The sixth chapter of Zizek's new book, Violence (which, incidentally, is not a major work but could work well in undergraduate courses or as an entry point for non-academics) takes up divine violence. Some of the initial moves in the argument are interesting. Reading it, I had the sense that, yes, I've read this before, but it doesn't feel like I've read this before. It affects me differently, now, in this context.
First, ressentiment. Zizek defends it (drawing from W.G. Sebald's discussion of Jean Amery's 'confrontation with the trauma of the Nazi concentration camps.' Zizek cites a passage from Sebald:
The spur of resentment which Amery conveys to us in his polemic demands recognition of the right to resentment, entailing no less than a programmatic attempt to sensitize the consciousness of a people 'already rehabilitated by time.'
Zizek argues that there is a devastation such that both reconciliation and revenge are ridiculously inadequate:
the only thing that remains is to persist in the 'unremitting denunciation of injustice.' One should give this stance its full anti-Nietzschean weight here: resentment has nothing to do with the slave morality. It stands rather for a refusal to 'normalise' the crime, to make it part of the ordinary/explicable/accountable flow of things, to integrate it into a consistent and meaningful life-narrative; after all possible explanations, it returns with its question: "Yes, I got all this, but nevertheless, how could you have done it? Your story about it doesn't make sense!" In other words, the resentment for which Sebald pleads is a Nietzschean heroic resentment, a refusal to compromise, an insistence 'against all odds.'
What Zizek omits, though, is the creative, productive dimension of resentment. It can create power relations invested in refusal (an acquaintance of mine once used the expression 'anti-war profiteers'). Differently put, even heroic resentment can become ordinary and normalized, ultimately exhausting itself and rendering the heroic feeble and pathetic. The challenge, then, of heroic resentment is this very risk, this unavoidable uncertainty.
Zizek situates resentment as the fourth term in the triad punishment (revenge), forgiveness, and forgetting. There are some crimes that cannot be punished, forgiven, or forgotten. The accusation of resentment, then, is not some kind of totally damnable criticism, precisely because there are times when it is necessary and appropriate. With this point, Zizek can then move to ask what motivates the impulse to dismiss ethical and political projects as mere resentment (the target of his critique here is Sloterdijk):
What if this very urge is sustained by a disavowed envy and resentment of its own, the envy of the universal emancipatory position, which is why one HAS to find some dirt in its foundation which would deprive it of its purity? The object of envy here is the MIRACLE of ethical universality which cannot be reduced to a distorted effect of 'lower' libidinal processes.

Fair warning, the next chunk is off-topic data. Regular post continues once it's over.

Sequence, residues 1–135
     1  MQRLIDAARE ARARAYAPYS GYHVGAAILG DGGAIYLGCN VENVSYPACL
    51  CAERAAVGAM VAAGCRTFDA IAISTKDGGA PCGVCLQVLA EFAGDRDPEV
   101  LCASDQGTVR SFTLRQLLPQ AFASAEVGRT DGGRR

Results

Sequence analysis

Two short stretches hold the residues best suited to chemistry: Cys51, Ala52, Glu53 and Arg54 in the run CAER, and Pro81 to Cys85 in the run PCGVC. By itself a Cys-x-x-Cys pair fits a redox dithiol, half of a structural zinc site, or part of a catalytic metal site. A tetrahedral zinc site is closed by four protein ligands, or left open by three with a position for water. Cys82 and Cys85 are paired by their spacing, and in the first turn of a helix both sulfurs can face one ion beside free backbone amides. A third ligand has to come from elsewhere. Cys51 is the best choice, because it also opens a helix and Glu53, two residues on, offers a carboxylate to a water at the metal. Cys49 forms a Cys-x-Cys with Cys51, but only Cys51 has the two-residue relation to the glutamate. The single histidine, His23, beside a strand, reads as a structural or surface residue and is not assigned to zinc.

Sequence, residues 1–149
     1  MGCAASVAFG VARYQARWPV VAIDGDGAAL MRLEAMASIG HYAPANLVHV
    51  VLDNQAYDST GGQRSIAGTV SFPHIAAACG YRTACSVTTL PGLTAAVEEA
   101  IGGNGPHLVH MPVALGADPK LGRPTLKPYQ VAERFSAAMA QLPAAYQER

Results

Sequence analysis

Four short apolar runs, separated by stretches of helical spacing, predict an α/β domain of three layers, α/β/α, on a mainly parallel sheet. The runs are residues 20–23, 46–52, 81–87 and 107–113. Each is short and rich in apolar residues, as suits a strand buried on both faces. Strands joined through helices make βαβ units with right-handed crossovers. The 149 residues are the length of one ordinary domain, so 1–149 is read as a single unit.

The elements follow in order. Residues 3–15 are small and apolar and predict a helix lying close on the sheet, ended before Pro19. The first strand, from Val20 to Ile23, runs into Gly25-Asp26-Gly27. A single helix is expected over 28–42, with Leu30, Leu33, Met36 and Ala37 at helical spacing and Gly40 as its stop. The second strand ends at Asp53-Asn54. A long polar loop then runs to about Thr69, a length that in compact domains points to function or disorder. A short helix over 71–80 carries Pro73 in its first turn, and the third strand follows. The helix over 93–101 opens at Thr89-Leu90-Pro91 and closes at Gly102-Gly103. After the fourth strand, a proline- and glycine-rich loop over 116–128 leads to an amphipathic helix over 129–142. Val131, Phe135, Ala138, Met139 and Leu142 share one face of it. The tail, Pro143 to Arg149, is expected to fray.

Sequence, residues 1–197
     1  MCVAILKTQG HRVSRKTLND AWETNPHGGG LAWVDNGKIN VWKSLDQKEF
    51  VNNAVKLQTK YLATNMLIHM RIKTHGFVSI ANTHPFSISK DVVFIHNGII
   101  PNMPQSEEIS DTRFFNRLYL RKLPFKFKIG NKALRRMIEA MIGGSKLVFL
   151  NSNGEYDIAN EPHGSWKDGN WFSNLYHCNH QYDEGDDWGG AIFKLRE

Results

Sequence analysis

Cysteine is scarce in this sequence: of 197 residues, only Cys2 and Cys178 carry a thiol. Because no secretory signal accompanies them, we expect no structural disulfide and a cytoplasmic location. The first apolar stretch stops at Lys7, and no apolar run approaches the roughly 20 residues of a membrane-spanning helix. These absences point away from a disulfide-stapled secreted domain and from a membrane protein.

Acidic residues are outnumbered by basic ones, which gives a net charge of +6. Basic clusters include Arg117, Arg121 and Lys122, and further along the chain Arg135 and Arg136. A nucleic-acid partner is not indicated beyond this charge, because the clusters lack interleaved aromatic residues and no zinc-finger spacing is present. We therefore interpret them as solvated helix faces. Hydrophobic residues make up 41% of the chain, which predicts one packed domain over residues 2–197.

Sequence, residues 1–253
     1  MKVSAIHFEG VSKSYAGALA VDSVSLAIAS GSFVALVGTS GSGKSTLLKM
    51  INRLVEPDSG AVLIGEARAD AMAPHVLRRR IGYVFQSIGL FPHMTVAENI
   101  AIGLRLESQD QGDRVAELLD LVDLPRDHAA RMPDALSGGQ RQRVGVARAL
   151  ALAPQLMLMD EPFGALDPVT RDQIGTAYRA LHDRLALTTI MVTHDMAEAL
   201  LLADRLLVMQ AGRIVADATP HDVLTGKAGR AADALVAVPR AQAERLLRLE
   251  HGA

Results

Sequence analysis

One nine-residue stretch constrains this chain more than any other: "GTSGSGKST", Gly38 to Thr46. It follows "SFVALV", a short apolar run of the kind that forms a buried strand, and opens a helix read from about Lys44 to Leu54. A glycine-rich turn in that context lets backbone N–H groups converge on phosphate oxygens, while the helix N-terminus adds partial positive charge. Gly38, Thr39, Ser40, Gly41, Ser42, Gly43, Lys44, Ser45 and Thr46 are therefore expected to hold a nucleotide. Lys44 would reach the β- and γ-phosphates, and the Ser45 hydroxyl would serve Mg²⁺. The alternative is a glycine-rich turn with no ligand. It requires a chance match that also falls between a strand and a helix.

This is also the key insight of Lacan as he reverses the Kantian hermeneutic of suspicion (in the worry that even our most ethical acts are stained by pathological motivates):
What is truly traumatic for the subject is not the fact that a pure ethical act is (perhaps) impossible, that freedom is (perhaps) an appearance, based on our ignorance of the true motivations of our acts; what is truly traumatic is freedom itself, the fact that freedom IS possible and we desperately search for some 'pathological' determinations in order to avoid this fact.
So what does this have to do with divine violence? At the simplest level, it is an aspect of Zizek's attempt to wrest violence away from leftist pacifist denunciations of all violence as wrong, bad, and unjustified. Divine violence, then, is a kind of sovereign violence that comes neither from God nor the state; it is non-sacrificial (its victims are guilty but cannot be sacrified); it not the underside of law (not state-founding violence). It is not covered by the big Other: there is no meaning, no justification, no explanation. Zizek associates it, then, with drive, with the Act, and with love. One of the paragraphs on divine violence in fact seems to rely on a search: the Act; replace: divine violence:
mythic violence belongs to the order of Being, while divine violence belongs to the order of Event: there are no 'objective' criteria enabling us to identify an act of violence as divine; the same act that, to an external observer, is merely an outburst of violence can be divine for those engaged in it--there is no big Other guaranteeing its divine nature; the risk of reading and assuming it as divine is fully the subject's own.
For those who risk taking state power, divine violence is not an option. It cannot be subsumed under law. It remains unjustified even as it is an unavoidable element of an unjust world.